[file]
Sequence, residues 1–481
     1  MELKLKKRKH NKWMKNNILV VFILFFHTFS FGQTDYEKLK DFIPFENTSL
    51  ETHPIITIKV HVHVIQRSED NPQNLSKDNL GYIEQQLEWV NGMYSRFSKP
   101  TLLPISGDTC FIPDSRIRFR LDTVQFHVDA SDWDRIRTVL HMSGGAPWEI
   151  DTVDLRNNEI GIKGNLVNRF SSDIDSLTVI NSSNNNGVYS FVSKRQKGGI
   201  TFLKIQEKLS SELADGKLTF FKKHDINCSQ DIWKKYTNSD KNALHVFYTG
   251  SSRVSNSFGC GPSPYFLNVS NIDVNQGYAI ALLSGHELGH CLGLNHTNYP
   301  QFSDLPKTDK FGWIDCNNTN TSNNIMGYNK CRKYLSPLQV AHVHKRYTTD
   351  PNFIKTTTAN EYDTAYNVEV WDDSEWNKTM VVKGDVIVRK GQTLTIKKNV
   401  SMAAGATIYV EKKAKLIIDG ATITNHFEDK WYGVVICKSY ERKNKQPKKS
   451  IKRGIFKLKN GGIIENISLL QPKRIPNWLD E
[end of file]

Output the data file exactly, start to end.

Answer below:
Sequence, residues 1–481
     1  MELKLKKRKH NKWMKNNILV VFILFFHTFS FGQTDYEKLK DFIPFENTSL
    51  ETHPIITIKV HVHVIQRSED NPQNLSKDNL GYIEQQLEWV NGMYSRFSKP
   101  TLLPISGDTC FIPDSRIRFR LDTVQFHVDA SDWDRIRTVL HMSGGAPWEI
   151  DTVDLRNNEI GIKGNLVNRF SSDIDSLTVI NSSNNNGVYS FVSKRQKGGI
   201  TFLKIQEKLS SELADGKLTF FKKHDINCSQ DIWKKYTNSD KNALHVFYTG
   251  SSRVSNSFGC GPSPYFLNVS NIDVNQGYAI ALLSGHELGH CLGLNHTNYP
   301  QFSDLPKTDK FGWIDCNNTN TSNNIMGYNK CRKYLSPLQV AHVHKRYTTD
   351  PNFIKTTTAN EYDTAYNVEV WDDSEWNKTM VVKGDVIVRK GQTLTIKKNV
   401  SMAAGATIYV EKKAKLIIDG ATITNHFEDK WYGVVICKSY ERKNKQPKKS
   451  IKRGIFKLKN GGIIENISLL QPKRIPNWLD E